Some events are held at the same venue year after year, and others, such as national association conferences, move to a different city each year. You may have great speakers, a great program and high attendance, but your chosen hotel or convention centre will always play a big role in the overall success of your event.
Once you (or your organizations volunteer leaders) have decided on a destination (or a short-list of possible destinations) and a time of year, your next step is to select the venue. It might seem like a simple task, but it can be an overwhelming process – one for which you should be well prepared.
Below is the basic process for venue selection.
Write your Request for Proposals (RFP). Your RFP is the document that defines what your perfect venue will be, and how you will determine which possible location comes closest to providing your association this ideal venue. As such it needs clear assessment criteria along with a scoring rubric for each, and the weighting of each criterion.
Your assessment criteria should be divided into two categories – mandatory criteria and evaluated criteria. Mandatory criteria are “must have” criteria – so an example might be “must have free Wi-Fi throughout the building”. If a proponent cannot provide free Wi-Fi that would be a deal-killer and prevent you from considering their venue and likely prevent them from proceeding with a proposal, thereby saving everyone a lot of time and effort. Evaluated criteria would include all items that you would like to see in a proposal, but are not required. An example of this could be that you would “prefer to have all meeting space on the same floor”. This is a preference, but not mandatory which means that you are still inviting venues who can’t offer same floor meeting space to submit a proposal.
Send out the RFP to all potential venues in the selected city (or area). You can pick and choose which venues should respond to your proposal, or you can send the RFP to the CVBs (Conventions & Visitors Bureau) in each city if the RFP is going out to multiple cities. This will save you time and research. Ask the CVB to collect all the proposals in their city and submit them to you as a package. Cvent Supplier Network offers a similar service for distributing RFPs and comparing proposals.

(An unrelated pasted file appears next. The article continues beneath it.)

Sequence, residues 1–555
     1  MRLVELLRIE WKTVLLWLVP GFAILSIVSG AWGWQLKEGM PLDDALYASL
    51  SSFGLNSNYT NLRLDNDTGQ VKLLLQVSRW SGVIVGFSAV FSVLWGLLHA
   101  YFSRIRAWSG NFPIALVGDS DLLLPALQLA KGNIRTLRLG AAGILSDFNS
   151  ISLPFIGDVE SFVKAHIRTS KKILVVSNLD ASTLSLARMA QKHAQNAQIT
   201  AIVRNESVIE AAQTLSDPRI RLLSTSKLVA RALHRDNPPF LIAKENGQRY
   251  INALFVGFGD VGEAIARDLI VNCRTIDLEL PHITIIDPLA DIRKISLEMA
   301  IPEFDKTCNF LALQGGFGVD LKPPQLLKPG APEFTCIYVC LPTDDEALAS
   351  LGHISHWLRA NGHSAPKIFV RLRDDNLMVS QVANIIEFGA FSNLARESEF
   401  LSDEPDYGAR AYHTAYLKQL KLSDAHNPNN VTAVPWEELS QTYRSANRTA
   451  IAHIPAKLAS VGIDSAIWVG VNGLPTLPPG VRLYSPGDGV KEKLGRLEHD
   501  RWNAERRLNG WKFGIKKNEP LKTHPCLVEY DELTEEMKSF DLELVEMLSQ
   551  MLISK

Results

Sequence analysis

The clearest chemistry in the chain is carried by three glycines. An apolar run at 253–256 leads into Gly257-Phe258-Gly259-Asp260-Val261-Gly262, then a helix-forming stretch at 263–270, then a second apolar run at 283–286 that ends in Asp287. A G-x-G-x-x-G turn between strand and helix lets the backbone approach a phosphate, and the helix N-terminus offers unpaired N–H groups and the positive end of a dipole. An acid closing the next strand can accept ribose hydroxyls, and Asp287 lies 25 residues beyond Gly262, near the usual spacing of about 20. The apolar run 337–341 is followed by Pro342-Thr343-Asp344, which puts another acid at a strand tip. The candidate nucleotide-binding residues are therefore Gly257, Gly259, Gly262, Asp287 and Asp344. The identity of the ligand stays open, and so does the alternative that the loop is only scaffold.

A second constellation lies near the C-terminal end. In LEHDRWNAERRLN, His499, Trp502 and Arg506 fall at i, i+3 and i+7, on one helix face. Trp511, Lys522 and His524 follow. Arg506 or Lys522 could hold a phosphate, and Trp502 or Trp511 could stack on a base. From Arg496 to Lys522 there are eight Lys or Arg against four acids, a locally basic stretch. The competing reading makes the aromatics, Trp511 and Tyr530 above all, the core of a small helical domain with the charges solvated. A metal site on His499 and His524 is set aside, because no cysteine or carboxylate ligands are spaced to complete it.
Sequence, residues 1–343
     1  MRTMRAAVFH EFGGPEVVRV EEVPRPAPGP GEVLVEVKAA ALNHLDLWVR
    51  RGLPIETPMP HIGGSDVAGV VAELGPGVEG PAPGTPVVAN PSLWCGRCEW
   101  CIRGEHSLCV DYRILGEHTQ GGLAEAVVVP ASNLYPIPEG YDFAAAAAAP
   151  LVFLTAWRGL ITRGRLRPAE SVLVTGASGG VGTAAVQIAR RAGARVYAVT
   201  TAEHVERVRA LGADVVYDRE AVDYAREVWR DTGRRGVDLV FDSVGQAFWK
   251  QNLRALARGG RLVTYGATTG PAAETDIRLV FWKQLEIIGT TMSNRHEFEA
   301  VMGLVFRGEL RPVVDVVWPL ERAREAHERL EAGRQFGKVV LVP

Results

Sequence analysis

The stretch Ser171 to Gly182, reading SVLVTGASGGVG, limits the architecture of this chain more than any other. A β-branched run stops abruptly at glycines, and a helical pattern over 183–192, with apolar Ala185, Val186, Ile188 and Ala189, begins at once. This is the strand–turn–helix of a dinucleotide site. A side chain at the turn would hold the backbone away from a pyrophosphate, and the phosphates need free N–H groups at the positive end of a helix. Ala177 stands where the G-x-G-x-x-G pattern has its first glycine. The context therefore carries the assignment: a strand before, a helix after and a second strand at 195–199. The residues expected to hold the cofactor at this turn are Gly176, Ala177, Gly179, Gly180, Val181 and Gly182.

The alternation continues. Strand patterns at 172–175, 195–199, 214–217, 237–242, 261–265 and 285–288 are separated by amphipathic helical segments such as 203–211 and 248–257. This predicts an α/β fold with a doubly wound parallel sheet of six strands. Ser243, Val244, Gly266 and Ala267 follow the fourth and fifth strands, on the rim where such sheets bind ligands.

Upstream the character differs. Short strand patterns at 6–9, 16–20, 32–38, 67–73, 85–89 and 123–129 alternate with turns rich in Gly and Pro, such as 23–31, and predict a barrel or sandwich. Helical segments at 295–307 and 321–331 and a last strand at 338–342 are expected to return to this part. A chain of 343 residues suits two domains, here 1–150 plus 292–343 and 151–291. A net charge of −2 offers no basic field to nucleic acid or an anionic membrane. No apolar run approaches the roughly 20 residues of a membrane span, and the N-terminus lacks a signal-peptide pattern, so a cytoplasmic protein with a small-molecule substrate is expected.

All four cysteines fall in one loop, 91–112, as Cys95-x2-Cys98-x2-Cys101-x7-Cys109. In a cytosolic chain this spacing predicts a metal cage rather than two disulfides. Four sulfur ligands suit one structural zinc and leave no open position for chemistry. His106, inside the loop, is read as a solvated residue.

Review the proposals. How do you prepare to review these proposals as efficiently as possible? Create a spreadsheet that captures the assessment criteria you have provided in the RFP. Once you review the mandatory criteria, you can see which venues have made the first cut. After the first cut, start looking into more specific detail (evaluated criteria) for each venue.
If your group is organizing this event on a tight budget, the most relevant information might be: guest room rates, meeting space cost (is it complimentary with a minimum spend), food and beverage costs (minimum spend, as well as the banquet menu prices), and/or cost for wireless internet. If the group is more flexible with costs, you might be looking to compare: amenities (does it have a fitness centre, pool, restaurant, spa, etc.), guest room and meeting space quality (when was it last renovated), and/or location within the city (can your guests walk out of the hotel and find restaurants, attractions and shopping). You will also want to include available dates in your initial comparison.
Other things to consider: How is the layout of the proposed meeting space (will all your function space be on one floor, or will your delegates get lost trying to get from one breakout to the next)? How would the space work with your AV needs? What type of concession(s) is the hotel offering? Do gratuities and service charges apply to meeting room rentals? You might even want to compare the cost for a cup of coffee at one venue versus the next.
Keep in mind that sales managers at hotels have sales quotas to meet. The more guaranteed business they can put toward their monthly or annual quota, the better. They want your business and they might be willing to adjust their proposal based on your needs, or to beat out competing venues. Here are some examples of items that hotels might be willing to negotiate:
- AV related fees
- Internet costs (refer to Negotiating Hotel WiFi and Internet Access – Service or Revenue Stream for more information)
- Parking costs
- Room upgrades
- Guest room rate
- Cost to receive freight at the hotel
Check out our article: Negotiating a Hotel Contract for Your Signature Event or Conference for a more in depth look at how and what should be negotiated.
In the end, you want to be choosing the venue that will best accommodate your group and doing so in the most efficient and fair manner possible. Your delegates need to be happy with the guest room rate, the quality of the hotel and the flow and accessibility of the meeting space. The last thing you want is to have the venue be the difference between your delegates rating their experience as excellent versus good.
Cal Harrison, president of Beyond Referrals and author of The Consultant with Pink Hair, contributed to this article.